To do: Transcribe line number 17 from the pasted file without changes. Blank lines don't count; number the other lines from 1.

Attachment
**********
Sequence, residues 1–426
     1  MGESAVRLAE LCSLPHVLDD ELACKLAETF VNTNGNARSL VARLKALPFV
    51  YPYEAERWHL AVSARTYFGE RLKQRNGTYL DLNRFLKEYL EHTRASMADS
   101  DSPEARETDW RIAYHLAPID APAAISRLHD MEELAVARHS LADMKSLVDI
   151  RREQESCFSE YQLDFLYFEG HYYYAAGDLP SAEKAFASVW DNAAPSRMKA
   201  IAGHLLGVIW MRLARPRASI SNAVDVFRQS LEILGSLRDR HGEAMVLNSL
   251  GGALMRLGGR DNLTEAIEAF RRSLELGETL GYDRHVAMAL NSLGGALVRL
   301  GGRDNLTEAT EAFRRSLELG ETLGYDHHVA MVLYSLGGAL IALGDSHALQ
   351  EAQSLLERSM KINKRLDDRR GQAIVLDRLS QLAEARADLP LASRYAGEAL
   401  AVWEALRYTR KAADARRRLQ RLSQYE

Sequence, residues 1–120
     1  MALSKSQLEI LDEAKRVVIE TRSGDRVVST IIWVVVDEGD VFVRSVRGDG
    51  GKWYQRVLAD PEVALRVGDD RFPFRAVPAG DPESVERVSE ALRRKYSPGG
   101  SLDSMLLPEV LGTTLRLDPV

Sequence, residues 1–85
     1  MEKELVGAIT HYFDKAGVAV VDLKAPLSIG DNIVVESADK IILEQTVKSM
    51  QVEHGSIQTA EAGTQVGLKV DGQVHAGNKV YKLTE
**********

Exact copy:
    51  QVEHGSIQTA EAGTQVGLKV DGQVHAGNKV YKLTE